Changes in the market have more of the effect of 1,000 paper cuts on your imaging business, rather than one giant crashing anvil that is easy to see coming. However, without an effective plan of action, death by paper cuts or by anvil is inevitable.
It was the 250th anniversary of the birthdate of Wolfgang Amadeus Mozart. The Human Genome Project published the last chromosome sequence in the publication, Nature. Pluto was demoted from ‘planet’ to ‘dwarf planet’ by the International Astronomic Union. It was 2006, and since then imaging center volumes have been declining across the nation.
We’ve all heard the cost of health care is increasing. Employers are moving more of the costs to employees in their employee benefits packages to help mitigate those costs. And with unemployment reaching 9.2 percent in June, compared to the 4.5 percent rate of 2006, fewer patients are insured and subsequently covered for the same imaging studies they were covered for in 2006. Reimbursements are diving. There is also the now highly publicized risk of unnecessarily overexposing patients to radiation that has also slowed the referring physicians from ordering as many studies as they used to.
These changes in the market have more of the effect of 1,000 paper cuts on your imaging business, rather than one giant crashing anvil that is easy to see coming. However, without an effective plan of action, death by paper cuts or by anvil is inevitable.
So what will be your plan of action? Do you ever get into the imaging center in the morning and say to yourself, “Things just aren’t humming like they used to.”? Do you look at the schedule and see enough space or openings to make you uneasy?
All of these marketplace forces and mechanisms have exceedingly shifted imaging marketplace supply and demand. The supply and demand paradigm in imaging has consequently restructured and reorganized the imaging provider market in most locales across the nation. Hospitals are purchasing imaging centers or entering into joint ventures and turning those centers into their outpatient imaging centers. Stand-alone imaging centers are being purchased by conglomerates, closing their doors or selling to the hospitals in their communities. Physician groups and their members are referring only to the facilities that their groups are affiliated with or that they own.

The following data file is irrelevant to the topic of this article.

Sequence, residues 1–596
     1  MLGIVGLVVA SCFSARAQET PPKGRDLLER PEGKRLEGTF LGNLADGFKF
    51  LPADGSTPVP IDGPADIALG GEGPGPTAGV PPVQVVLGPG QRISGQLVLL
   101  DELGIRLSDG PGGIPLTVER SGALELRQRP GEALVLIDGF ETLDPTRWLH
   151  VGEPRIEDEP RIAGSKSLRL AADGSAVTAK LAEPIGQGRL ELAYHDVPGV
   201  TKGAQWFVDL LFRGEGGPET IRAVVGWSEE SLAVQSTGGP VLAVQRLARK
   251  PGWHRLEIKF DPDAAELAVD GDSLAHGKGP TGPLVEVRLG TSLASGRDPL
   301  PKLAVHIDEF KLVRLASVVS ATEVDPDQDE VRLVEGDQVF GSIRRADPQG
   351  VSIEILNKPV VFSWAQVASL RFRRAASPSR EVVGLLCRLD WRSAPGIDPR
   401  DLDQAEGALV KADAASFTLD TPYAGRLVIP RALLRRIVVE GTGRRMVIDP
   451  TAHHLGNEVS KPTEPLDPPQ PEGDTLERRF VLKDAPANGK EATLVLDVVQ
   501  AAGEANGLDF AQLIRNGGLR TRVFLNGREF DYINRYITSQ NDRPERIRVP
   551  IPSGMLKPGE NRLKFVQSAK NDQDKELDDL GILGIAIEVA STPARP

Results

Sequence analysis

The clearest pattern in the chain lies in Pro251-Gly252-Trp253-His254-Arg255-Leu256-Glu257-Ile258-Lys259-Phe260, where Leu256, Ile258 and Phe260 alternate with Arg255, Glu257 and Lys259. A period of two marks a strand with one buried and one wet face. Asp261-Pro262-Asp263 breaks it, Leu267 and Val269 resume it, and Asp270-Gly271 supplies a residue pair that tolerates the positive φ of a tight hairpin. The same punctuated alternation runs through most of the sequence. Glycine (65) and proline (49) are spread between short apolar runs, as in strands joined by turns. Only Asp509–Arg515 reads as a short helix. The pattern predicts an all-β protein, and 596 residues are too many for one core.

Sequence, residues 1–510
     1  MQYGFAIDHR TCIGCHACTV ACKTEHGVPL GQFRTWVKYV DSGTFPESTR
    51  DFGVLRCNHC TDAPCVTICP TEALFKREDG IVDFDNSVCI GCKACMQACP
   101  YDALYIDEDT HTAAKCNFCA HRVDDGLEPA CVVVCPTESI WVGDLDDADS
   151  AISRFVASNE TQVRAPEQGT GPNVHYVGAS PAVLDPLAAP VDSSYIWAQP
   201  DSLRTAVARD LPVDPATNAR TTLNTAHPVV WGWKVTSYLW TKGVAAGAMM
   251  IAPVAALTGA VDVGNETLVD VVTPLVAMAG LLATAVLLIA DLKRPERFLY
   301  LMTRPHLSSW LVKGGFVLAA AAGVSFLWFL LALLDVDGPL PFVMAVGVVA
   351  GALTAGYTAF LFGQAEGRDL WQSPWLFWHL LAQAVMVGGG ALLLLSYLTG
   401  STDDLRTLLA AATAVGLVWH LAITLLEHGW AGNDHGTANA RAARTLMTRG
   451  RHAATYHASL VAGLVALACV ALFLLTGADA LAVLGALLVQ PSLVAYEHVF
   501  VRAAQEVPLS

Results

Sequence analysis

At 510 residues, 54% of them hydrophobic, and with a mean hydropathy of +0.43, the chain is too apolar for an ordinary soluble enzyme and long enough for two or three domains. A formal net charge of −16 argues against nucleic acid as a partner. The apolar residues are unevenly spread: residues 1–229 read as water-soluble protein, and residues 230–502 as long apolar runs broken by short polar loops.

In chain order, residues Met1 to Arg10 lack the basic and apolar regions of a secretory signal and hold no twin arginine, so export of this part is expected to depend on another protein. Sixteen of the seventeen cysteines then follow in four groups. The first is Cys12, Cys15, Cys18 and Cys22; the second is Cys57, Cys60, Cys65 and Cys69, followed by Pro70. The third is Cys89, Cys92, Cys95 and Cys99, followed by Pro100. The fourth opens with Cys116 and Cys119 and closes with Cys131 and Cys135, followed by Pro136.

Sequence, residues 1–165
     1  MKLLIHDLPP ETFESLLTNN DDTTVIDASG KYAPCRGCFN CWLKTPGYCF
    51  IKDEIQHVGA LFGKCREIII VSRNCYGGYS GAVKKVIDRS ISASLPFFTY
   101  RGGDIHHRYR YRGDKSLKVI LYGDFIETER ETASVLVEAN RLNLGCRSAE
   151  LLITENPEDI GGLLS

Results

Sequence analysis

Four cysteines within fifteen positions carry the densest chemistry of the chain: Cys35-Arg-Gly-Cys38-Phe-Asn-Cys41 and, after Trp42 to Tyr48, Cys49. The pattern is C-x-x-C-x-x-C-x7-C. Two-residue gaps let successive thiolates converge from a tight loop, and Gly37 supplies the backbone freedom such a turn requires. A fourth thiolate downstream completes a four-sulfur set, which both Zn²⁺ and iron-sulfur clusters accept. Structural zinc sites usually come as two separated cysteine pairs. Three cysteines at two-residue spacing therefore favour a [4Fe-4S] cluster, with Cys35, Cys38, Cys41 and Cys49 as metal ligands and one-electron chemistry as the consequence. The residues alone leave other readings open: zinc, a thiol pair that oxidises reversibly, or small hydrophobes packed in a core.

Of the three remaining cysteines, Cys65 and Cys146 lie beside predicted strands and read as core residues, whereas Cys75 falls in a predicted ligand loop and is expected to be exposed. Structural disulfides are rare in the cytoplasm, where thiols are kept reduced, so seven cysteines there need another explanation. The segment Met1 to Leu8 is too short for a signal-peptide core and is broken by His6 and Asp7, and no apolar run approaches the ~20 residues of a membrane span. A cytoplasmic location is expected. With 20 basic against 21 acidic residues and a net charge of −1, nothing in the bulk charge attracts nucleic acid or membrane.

In all of this, we find that many imaging center operators and owners (hospital-owned, privately owned and radiologist-owned) are continuing to run their businesses as they did in 2006. What’s hurting all of them is all of the recent paper cuts.
We work to help clients keep up with their always changing imaging center markets by offering them uncommon information that helps them quickly and effectively make decisions about their imaging businesses. It’s in these partnerships that we ask and help them answer the following questions:
When was the last time you assessed your marketplace, or your Imaging Service Area?
Has your patient demand changed?
What does your current market capitalization look like?
Have you addressed outdated and unnecessary patient pursuit costs?
What are your competitors doing?
How will what your competitors are doing (buying, selling, gaining capacity, etc.) affect what your center does?
Will your specific volume growth strategy need to change based on the answers to the questions above?
Stop the paper cuts by designing a strategy around them. Obtaining knowledge on your ever-changing imaging market can help you effectively target the referring providers, patients and niche markets that you may otherwise be missing.
Then you can stop asking, “Where have all the patients gone?” and instead start asking, “Where have all the openings on the schedule gone?”
Zach Bauer is responsible for all management and operations within Medical Imaging Specialists. Zach also leads the MIS Client Delivery Strategy Team, which focuses on delivering the Volume Generation, RCM, Imaging Center, and Hospital Radiology Department Operations Management and Finance offerings for MIS.